The week in Review (Jan 30)

Have decided that at the end of each week I will do a review of some of the posts I written; just so as those who may have missed something get a chance to read and an opportunity for others to have a second read.

So this week I have touched on:

Are you Prepared to Collaborate?

There’s an abundance of non  profits in New Zealand, something on the lines of 26,000 registered charities, organisations could face support, funding and delivery issues unless there’s more collaboration.

Unless organisations collaborate there is a risk some organisations will cease to exist. There’s only so much people can give, both individuals, business and funding bodies; so just on a funding basis collaboration is needed.

Read more

Are You Singing from the same song sheet

The management, more than anyone in an organisation knows, or should know, what the goals, vision, mission of the organisation are; but is this being shared with all staff, particularly those on the frontline?

It seems that some organisations have a diconnect when it comes to sharing key information with staff, leaving staff to wonder what is happening, where they are in the organisation and how they can confidently do their work.

Read more

Handing over the Reins

It’s interesting to see organisations grow from being something started at a kitchen table, to something substantial.
In growing though there is always a need to bring in others with more expertise, more experience; but in doing so there is fear of the loss of control.

I recall reading about a charity, I think in the States, where the founder who took on a manger; but with the charity operating in an adjacent building to where the founder lived, he would turn up everyday and staff were unsure as to who they should be listening to the new manager or the founder.

Read more


Giving is like Sex

I guess that got your attention.

There’s been numerous studies as to why people give and the effects of giving on those who give.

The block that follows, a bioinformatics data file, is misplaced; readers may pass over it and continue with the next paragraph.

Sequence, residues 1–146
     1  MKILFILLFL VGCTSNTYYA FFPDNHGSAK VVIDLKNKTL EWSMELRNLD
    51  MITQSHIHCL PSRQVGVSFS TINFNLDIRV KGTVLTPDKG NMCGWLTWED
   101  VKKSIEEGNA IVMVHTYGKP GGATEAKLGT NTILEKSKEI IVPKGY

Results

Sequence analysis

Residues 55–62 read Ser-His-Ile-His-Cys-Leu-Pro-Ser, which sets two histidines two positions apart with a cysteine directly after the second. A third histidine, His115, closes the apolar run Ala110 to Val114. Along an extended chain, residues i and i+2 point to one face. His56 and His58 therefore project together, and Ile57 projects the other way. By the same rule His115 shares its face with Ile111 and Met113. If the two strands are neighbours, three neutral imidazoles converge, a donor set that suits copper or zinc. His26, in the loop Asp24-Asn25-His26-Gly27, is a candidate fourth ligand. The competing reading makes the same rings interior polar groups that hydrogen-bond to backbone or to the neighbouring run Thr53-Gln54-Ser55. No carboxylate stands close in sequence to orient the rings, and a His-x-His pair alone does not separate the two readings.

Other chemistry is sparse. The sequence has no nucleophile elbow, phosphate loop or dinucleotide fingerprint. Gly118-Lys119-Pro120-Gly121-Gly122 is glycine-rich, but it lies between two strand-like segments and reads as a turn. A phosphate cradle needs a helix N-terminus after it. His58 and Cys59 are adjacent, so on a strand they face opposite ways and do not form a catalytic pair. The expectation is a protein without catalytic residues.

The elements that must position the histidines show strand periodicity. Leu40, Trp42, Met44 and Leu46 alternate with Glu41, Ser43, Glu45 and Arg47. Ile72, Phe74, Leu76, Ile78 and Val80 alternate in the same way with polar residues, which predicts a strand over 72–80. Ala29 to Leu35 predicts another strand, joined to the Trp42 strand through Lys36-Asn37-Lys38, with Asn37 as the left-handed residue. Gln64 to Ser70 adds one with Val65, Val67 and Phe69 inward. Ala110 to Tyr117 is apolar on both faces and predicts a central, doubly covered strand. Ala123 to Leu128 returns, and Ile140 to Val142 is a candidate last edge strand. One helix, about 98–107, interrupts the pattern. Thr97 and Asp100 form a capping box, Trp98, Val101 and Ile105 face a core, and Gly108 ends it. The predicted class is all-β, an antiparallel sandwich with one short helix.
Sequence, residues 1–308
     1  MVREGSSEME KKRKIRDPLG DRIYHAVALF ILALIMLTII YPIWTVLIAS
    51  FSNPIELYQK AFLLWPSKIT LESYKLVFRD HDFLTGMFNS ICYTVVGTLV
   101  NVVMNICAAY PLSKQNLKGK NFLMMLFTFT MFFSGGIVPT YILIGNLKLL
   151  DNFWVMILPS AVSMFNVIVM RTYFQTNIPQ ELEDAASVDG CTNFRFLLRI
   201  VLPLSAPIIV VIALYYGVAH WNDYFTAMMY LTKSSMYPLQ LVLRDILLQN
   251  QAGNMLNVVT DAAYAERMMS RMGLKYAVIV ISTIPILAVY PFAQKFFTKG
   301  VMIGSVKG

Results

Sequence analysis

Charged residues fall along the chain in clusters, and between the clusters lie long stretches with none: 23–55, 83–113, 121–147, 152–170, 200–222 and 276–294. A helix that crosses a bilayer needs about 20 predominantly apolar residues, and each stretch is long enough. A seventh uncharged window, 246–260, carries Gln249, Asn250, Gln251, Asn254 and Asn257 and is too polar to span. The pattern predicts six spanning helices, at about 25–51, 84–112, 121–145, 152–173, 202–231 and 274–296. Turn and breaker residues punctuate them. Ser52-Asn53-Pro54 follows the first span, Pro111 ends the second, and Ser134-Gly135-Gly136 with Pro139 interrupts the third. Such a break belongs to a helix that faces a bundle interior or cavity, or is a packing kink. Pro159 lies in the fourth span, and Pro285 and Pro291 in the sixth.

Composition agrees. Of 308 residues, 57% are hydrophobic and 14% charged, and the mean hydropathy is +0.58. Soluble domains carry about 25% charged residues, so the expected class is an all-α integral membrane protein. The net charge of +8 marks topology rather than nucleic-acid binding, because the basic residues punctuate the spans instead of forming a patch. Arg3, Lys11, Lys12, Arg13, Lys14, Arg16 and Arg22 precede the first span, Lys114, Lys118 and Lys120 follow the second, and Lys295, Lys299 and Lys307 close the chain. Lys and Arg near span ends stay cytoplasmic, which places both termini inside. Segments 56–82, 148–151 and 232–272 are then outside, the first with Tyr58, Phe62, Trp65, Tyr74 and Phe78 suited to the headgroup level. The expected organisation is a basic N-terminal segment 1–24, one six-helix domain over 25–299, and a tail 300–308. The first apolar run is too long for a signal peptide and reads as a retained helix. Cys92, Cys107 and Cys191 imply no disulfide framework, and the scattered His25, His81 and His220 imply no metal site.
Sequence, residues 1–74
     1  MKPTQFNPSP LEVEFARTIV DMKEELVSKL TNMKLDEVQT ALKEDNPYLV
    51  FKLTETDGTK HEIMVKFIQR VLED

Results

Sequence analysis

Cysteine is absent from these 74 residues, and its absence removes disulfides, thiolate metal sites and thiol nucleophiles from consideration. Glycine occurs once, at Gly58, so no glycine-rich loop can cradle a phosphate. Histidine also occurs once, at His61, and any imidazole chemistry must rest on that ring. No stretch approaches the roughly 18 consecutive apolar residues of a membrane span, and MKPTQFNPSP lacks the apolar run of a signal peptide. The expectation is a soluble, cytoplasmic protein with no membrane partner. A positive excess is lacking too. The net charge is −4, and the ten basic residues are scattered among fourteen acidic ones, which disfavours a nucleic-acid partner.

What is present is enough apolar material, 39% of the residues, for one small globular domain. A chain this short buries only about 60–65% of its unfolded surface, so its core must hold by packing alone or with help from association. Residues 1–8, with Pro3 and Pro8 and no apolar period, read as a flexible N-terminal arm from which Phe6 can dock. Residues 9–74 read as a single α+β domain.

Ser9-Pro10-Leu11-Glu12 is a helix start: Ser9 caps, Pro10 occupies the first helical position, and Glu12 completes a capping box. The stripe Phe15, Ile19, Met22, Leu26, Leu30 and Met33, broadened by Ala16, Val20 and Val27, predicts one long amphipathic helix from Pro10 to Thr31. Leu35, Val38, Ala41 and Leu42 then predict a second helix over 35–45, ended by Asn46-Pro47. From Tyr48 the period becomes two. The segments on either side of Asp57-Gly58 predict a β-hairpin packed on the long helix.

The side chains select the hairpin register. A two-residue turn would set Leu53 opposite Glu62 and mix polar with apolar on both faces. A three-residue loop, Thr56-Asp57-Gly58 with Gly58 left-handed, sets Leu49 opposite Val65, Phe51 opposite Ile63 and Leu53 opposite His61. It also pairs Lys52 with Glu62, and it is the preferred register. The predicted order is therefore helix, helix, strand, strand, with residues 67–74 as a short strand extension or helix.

A recent post I read ”Should you give?” has some great insights into what happens when people give, the effects of giving on the brain, body and soul.

Read more

Charity Events, Plan, Plan and Plan Some More

The pitfalls I hear you say. It’s true not all charity events run smoothly, there can be numerous hiccups on the way to staging an event.

Getting passed these can be a struggle, but you can get passed them.

When it comes to an event, an organisation can spend months planning what they will do, why they will do it and promote, then stage the event. It’s something that can create a lot of stress and frustration.

Read more

What Millennials Want to Know

Gaining support from millennials is important, and yes, they do want to support organisations; it’s just how you go about it that matters.

I’ve recently spent some time with a group of 17 to 26 years olds talking about charities and how people connect with them and how charities work to connect with supporters. Some great insights for me, and I’m glad I had the opportunity.

One thing that came across loud and clear, was the need for great storytelling, not meanigless information, muddled stats, but real stories about the people, the cause that the organisation is working to help.

Read more

They’re peeved off, now what

Why is it that some in the charity sector don’t know how to handle donors who maybe annoyed with you, donors who may feel you’re not deliverying on what you say you will do.

It’s not rocket science, dealing with disgruntled donors is and should be treated in the same was as businesses would deal with disgrutled customers. Simple, customer service skills are needed.

Read more

Something I would be keen to hear is – what would you like to see me blog about; what issues, challenges or general areas of discussion would you like to see me cover on www.charitymattersnz.com

You can email me with any thoughts, ideas … charitymattersnz@gmail.com

They’re peeved off, now what

Why is it that some in the charity sector don’t know how to handle donors who may be annoyed with you, donors who may feel you’re not deliverying on what you say you will do.

It’s not rocket science, dealing with disgruntled donors is and should be treated in the same was as businesses would deal with disgrutled customers. Simple, customer service skills are needed.

We all know the importance of having, and maintaining donors and that if donors aren’t happy how this can impact on the work of the organisation; so knowing what to do is important, as is acting in a timely manner.